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  • Always err on the side of kindness and encouragement.

  • Feedback letters should include a greeting and a sign-off. They should be at least a ½ page long and 2-3 paragraphs (300 words, minimum).

  • Include the name of the essay you are responding to in the first few lines of your letter.

  • Begin with praise, noting, as specifically as possible, what you found delightful, exciting, moving, funny, or innovative.

  • State what, from your perspective, seemed to be at the heart of the piece. What seemed, thematically and emotionally, most important?

  • Begin a new paragraph in which to ask questions and offer constructive feedback. Focus on one or two aspects, and, again, be as specific as possible. (Try using the word “because” to develop your feedback from “I found the part about the fish confusing” to “I found the part about the fish confusing because I thought the narrator was walking through the desert.”)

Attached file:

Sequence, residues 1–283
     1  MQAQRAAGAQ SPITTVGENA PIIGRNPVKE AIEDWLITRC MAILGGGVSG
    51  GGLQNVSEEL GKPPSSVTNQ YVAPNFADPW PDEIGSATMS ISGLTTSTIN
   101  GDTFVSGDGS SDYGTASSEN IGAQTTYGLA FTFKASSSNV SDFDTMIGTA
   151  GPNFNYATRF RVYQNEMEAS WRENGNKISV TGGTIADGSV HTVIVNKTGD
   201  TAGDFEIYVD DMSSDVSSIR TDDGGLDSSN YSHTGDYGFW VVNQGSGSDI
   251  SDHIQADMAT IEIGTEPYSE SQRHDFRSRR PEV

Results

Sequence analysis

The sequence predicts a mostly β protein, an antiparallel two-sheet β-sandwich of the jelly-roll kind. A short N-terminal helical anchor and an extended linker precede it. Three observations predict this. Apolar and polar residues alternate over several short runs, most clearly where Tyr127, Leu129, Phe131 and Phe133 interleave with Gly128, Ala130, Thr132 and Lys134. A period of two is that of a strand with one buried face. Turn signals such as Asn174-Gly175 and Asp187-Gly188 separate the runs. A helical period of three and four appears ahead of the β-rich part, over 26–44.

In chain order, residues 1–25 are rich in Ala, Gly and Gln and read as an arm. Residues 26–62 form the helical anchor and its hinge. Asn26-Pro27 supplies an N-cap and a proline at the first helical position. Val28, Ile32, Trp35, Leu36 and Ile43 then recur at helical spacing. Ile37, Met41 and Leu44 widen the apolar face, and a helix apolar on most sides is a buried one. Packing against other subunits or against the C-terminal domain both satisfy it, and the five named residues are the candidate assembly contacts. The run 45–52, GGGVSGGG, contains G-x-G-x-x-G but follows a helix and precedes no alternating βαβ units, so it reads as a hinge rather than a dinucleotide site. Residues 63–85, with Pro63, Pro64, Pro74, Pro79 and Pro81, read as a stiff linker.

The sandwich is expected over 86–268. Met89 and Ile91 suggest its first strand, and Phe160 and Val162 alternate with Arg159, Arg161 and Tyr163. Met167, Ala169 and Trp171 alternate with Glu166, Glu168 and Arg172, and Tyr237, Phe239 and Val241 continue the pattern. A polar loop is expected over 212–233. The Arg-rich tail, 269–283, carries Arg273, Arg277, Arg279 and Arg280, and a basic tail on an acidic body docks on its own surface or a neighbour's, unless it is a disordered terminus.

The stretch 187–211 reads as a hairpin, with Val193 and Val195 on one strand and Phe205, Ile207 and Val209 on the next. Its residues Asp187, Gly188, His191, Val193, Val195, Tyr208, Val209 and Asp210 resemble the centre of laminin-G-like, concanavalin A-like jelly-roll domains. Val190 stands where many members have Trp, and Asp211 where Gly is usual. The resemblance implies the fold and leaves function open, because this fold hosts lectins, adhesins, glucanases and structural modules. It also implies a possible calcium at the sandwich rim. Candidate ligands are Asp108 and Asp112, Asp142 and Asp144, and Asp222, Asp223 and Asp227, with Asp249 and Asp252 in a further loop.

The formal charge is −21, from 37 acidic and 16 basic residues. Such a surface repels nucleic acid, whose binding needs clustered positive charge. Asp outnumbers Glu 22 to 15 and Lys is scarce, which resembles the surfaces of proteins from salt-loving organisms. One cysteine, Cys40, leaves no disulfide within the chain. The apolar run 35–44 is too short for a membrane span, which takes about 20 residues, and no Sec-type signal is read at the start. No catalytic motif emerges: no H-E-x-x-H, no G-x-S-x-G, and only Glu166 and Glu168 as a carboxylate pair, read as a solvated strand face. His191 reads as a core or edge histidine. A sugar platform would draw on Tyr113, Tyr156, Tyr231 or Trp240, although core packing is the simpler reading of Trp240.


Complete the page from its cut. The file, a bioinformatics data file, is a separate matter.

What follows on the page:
• Wrap up with one last encouraging remark.

Reminders and considerations:

  • Offer feedback that you believe might help the writer to more effectively achieve whatever goal they seem to have set out to achieve. In other words, carefully consider what each writer is “up to” and offer help from that perspective—rather than asking for revisions to make the essay more like the kind of essay you like or would have written.

  • Your letters do not have to be exhaustive (overwhelming) lists of praise and/or revision ideas. Focus on 2-3 positives and 1-2 areas that the writer might work on. Remember that each writer will be receiving multiple letters, so, again, no need to say it all.

  • Phrase your feedback so that your sentences focus on the story/writing and not on the writer. Lean more toward “The essay/the writing/the narrator” statements rather than “You” statements. Think more in terms of responding rather than evaluating.

  • If you notice a grammatical issue (e.g. the tense seems to shift throughout the piece), feel free to note it, but don’t dwell too long in grammar or punctuation. Think less about line editing and more about global, thematic coherence–about ideas.